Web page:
Retracing Kevin's Final Hours
Former Los Angeles Police Department Homicide Detective John Skaggs came out of retirement to work with the local cold case unit and assist the FBI. Skaggs and Michelle Miller visited the street where Kevin Harris was murdered to interview residents.
Skaggs told "48 Hours" that though this is a stalled case, it is "absolutely not hopeless … there's still clues that haven't been burnt out."
While on the scene, Det. Skaggs and Michelle Miller spoke to Randy Thomas, the owner of the studio where Kevin Harris produced his music.
Thomas told "48 Hours" that, "It's almost like someone had to have followed him here … no one usually comes here on Sunday nights."
The Need for Protection
The possibility that Kevin Harris was followed by his killer that night rings true to Kevin's father. Kevin Harris Sr. told "48 Hours" about a time when his son asked about bulletproof windows. When his father asked if there was anything wrong, Kevin told him no. "It was always, 'I'm alright, Dad.'"
A Possible Motive
Since Kevin Harris had such a good reputation, investigators pondered various theories, such as mistaken identity. They eventually ruled that out. Investigators now believe that Kevin was the intended target and that jealousy by a friend, acquaintance or music rival could have been the motive.
Investigators took another look at the aspiring rapper whom they say Kevin Harris was supposed to meet the night that he died. That aspiring rapper was Desmond Carter, seen here.
Det. Skaggs told "48 Hours" Kevin "had made plans – with one of the individuals who's definitely a suspect in this case – to meet him at the studio at 8:00 p.m.. As far as I know, that individual was the only other person that knew that Kevin was gonna be at the studio at 8:00 p.m."
Investigators believe that that Sunday night trip to the studio was a trap. In 2017, Carter was arrested for the murder of Kevin Harris. He was questioned, but never charged with anything. Authorities say the evidence they had did not cross the threshold of reasonable doubt.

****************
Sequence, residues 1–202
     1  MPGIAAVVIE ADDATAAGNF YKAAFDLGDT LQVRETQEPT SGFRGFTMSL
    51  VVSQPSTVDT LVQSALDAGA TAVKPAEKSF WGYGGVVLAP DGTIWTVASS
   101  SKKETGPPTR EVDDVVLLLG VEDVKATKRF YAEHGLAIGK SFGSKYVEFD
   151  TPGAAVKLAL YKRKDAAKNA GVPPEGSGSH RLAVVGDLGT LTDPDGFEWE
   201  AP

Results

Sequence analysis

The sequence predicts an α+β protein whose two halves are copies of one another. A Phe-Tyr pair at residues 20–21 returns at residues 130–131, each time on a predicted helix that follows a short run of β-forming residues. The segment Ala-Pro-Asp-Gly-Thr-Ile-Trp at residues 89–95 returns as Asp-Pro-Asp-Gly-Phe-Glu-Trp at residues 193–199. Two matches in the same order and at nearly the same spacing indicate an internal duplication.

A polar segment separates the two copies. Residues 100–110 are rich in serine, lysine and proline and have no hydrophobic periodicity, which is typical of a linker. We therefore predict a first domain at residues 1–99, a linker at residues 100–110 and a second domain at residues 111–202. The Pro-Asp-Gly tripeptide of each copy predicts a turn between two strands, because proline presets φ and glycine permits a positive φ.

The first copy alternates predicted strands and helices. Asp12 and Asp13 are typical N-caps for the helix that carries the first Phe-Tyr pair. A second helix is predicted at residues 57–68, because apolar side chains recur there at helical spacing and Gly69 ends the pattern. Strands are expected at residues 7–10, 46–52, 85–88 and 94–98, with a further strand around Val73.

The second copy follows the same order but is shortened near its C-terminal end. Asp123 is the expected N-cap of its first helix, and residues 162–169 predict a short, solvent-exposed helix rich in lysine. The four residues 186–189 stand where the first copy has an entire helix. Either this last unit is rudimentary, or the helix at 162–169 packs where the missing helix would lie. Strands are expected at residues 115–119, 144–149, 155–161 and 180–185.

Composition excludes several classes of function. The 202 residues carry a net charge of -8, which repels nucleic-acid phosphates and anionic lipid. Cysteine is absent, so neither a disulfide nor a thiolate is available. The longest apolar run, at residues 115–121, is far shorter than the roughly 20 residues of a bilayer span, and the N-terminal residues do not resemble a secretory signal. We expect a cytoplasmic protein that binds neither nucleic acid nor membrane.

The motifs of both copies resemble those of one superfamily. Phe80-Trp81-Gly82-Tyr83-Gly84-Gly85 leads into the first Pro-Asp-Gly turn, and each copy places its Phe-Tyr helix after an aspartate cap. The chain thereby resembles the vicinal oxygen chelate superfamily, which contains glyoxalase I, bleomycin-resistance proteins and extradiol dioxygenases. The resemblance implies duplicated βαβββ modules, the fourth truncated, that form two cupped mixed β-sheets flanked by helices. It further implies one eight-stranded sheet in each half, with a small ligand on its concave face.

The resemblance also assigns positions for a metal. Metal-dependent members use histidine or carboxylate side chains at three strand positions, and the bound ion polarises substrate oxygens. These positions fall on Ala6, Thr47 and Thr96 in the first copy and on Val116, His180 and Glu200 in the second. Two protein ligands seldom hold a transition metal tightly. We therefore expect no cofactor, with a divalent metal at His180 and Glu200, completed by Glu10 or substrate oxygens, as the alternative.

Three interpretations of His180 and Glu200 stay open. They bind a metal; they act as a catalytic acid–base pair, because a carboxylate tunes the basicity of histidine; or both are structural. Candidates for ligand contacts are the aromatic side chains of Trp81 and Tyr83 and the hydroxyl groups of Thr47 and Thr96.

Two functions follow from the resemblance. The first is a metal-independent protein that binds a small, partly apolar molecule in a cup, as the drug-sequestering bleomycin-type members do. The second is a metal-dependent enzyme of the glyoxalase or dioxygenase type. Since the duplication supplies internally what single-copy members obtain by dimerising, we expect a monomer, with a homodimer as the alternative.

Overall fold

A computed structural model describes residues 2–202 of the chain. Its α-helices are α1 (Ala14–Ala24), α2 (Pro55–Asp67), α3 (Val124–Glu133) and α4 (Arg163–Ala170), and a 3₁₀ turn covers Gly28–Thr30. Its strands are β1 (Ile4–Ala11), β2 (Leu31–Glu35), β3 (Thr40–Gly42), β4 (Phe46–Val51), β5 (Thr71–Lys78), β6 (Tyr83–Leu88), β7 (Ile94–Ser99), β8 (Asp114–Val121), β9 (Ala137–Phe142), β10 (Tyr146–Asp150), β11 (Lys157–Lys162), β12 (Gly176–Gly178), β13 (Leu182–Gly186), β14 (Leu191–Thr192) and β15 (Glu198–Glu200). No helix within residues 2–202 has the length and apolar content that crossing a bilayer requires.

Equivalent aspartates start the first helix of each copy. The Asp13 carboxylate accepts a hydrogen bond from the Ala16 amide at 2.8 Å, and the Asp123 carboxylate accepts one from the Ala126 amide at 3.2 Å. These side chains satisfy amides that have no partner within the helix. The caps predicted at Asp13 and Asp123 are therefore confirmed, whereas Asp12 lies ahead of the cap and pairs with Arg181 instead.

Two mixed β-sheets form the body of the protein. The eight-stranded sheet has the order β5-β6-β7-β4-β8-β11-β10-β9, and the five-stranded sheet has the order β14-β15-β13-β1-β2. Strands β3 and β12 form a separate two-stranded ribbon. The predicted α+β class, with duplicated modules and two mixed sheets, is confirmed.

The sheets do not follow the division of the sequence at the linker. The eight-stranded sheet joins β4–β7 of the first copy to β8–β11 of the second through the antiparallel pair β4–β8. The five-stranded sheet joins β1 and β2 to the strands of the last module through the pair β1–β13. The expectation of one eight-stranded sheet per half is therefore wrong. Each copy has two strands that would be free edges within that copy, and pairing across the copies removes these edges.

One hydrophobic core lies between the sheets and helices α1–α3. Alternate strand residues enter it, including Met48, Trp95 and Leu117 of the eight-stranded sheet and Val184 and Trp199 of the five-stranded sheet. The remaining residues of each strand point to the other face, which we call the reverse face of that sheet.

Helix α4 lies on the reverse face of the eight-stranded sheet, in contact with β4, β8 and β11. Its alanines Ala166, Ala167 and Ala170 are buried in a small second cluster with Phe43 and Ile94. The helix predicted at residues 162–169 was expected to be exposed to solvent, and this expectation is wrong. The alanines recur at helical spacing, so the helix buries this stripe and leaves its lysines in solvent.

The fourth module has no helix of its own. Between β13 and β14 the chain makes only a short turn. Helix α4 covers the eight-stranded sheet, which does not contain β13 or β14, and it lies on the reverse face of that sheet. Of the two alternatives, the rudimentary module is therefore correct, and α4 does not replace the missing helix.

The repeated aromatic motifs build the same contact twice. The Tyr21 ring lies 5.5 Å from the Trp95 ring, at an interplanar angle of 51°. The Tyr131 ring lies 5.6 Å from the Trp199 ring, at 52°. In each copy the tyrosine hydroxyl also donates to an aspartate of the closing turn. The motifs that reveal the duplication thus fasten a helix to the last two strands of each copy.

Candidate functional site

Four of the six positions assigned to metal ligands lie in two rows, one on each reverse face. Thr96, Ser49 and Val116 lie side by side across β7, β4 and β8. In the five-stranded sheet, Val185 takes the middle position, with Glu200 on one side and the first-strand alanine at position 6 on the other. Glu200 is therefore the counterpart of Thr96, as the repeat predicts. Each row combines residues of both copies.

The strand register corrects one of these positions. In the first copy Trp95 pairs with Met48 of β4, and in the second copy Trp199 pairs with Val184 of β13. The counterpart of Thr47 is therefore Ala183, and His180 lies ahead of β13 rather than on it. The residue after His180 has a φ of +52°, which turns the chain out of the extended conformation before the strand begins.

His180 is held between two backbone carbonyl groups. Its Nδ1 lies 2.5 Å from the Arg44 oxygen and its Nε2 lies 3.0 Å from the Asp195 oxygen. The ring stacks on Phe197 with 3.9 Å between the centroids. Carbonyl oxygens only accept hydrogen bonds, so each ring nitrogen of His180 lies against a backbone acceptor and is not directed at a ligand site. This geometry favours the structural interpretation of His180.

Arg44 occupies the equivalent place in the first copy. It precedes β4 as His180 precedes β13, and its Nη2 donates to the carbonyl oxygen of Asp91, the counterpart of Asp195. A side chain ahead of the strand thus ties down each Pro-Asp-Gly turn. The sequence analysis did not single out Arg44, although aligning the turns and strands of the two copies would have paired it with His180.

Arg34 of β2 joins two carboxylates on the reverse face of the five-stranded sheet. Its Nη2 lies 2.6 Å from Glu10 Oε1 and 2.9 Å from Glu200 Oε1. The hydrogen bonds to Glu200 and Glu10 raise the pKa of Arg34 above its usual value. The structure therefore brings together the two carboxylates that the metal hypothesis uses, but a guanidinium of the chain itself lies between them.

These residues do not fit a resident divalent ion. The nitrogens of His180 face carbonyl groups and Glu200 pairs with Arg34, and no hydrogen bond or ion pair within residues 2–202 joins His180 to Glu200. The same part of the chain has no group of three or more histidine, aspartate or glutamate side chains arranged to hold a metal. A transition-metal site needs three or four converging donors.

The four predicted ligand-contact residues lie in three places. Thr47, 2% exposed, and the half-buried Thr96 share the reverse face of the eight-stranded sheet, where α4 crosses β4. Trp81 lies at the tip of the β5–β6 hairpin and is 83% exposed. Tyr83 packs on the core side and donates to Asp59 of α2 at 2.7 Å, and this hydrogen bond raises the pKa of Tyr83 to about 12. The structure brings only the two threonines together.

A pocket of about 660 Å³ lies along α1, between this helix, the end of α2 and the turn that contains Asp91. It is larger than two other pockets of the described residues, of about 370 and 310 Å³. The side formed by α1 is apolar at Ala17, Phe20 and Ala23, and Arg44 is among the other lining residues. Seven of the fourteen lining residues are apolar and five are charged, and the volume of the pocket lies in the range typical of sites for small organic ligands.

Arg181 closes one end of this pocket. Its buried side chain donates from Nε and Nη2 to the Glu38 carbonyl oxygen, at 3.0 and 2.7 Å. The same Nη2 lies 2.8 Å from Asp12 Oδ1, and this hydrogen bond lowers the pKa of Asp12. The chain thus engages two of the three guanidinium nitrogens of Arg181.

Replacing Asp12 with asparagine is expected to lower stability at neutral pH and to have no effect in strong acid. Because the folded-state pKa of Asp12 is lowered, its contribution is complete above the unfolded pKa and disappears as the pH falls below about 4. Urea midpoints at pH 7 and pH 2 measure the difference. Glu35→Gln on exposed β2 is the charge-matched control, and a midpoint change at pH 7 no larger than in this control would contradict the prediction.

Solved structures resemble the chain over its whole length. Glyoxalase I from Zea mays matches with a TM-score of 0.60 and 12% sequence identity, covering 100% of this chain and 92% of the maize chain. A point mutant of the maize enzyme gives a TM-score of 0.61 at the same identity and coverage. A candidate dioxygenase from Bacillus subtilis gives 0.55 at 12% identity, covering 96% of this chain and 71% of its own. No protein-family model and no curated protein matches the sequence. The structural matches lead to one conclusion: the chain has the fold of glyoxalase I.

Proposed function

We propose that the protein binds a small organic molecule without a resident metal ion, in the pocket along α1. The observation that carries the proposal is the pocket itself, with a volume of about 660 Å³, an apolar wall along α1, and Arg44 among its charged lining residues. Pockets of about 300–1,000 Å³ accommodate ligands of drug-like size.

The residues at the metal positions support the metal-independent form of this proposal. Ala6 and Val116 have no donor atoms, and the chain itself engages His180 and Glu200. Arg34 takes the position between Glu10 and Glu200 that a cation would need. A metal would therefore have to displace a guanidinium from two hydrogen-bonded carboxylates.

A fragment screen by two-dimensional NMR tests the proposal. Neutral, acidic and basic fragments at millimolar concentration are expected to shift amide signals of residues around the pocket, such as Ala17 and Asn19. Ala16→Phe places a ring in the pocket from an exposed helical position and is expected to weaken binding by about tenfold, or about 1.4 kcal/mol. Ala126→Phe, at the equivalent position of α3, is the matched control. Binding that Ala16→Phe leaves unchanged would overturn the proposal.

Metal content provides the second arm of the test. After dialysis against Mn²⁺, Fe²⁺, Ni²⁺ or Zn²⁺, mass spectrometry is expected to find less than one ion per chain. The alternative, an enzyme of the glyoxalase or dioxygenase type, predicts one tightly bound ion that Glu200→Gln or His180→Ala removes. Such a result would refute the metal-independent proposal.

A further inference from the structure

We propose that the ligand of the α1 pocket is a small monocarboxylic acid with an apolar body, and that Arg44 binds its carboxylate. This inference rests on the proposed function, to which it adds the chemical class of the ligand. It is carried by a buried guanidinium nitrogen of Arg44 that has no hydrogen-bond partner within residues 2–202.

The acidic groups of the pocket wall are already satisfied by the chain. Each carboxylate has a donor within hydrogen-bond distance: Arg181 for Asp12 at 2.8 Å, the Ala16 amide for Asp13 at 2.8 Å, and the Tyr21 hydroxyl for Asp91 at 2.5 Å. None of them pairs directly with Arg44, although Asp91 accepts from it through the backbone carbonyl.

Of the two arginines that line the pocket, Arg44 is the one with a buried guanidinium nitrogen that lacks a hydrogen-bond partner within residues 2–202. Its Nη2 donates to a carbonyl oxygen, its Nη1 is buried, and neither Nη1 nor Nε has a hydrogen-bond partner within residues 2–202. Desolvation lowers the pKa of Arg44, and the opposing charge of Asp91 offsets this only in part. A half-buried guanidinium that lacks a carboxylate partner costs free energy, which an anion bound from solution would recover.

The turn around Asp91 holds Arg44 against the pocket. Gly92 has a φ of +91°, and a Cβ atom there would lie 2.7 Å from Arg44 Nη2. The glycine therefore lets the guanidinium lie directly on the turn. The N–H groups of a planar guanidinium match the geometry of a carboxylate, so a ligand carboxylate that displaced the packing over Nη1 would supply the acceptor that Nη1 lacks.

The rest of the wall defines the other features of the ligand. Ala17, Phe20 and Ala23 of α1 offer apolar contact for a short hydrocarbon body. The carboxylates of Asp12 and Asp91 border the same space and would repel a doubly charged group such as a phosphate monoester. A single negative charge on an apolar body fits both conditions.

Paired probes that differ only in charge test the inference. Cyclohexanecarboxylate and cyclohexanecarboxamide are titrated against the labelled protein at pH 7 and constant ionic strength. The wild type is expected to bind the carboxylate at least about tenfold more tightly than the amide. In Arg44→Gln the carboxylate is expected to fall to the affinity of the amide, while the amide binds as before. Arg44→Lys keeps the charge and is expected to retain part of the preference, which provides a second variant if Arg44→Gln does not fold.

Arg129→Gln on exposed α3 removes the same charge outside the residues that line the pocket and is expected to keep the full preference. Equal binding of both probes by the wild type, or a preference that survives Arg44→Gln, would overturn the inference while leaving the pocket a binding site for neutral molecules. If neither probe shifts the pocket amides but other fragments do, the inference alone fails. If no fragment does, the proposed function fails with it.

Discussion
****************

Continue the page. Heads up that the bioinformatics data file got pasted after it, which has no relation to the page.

"48 Hours" reached out to Carter. He did not want to go on camera or comment directly. However, through a friend, he said he had nothing to do with Kevin's death, and that he thought of Kevin as one of his best friends.
Still, according to investigators, Desmond Carter remains a suspect.
Investigators are hoping for new information and say they are "80 to 85%" close to solving this 11-year-old cold case, but they need the public's help.
In 2018, the FBI put up a billboard in the Inglewood area to inform the public that the Inglewood PD and the FBI are now offering a combined reward of up to $50,000.
Anyone with information is asked to call (310) 477-6565 or get more details online.
Searching for Justice
The murder of Kevin Robert Harris II remains unsolved. Kevin's parents, Katheryn and Kevin Harris Sr. remain hopeful and say they will never give up on getting justice for their son.
"Let's kick some doors in. Let's stay relentless with this," said Kevin Harris Sr. to "48 Hours."